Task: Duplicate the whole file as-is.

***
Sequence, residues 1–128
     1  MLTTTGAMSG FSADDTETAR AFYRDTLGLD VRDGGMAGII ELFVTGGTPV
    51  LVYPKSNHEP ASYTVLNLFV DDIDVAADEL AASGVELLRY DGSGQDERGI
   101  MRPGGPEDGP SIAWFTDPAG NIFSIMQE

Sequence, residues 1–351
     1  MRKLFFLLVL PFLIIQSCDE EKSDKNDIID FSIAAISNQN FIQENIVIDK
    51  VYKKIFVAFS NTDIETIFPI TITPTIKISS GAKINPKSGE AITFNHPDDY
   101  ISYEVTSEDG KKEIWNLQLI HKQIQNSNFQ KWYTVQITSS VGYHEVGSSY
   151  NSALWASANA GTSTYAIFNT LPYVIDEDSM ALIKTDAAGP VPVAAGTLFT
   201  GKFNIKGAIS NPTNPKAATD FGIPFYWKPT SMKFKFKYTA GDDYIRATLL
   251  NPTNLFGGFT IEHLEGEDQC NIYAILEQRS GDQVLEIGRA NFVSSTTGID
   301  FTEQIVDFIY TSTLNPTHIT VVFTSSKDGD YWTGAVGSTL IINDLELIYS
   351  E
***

Sequence, residues 1–128
     1  MLTTTGAMSG FSADDTETAR AFYRDTLGLD VRDGGMAGII ELFVTGGTPV
    51  LVYPKSNHEP ASYTVLNLFV DDIDVAADEL AASGVELLRY DGSGQDERGI
   101  MRPGGPEDGP SIAWFTDPAG NIFSIMQE

Sequence, residues 1–351
     1  MRKLFFLLVL PFLIIQSCDE EKSDKNDIID FSIAAISNQN FIQENIVIDK
    51  VYKKIFVAFS NTDIETIFPI TITPTIKISS GAKINPKSGE AITFNHPDDY
   101  ISYEVTSEDG KKEIWNLQLI HKQIQNSNFQ KWYTVQITSS VGYHEVGSSY
   151  NSALWASANA GTSTYAIFNT LPYVIDEDSM ALIKTDAAGP VPVAAGTLFT
   201  GKFNIKGAIS NPTNPKAATD FGIPFYWKPT SMKFKFKYTA GDDYIRATLL
   251  NPTNLFGGFT IEHLEGEDQC NIYAILEQRS GDQVLEIGRA NFVSSTTGID
   301  FTEQIVDFIY TSTLNPTHIT VVFTSSKDGD YWTGAVGSTL IINDLELIYS
   351  E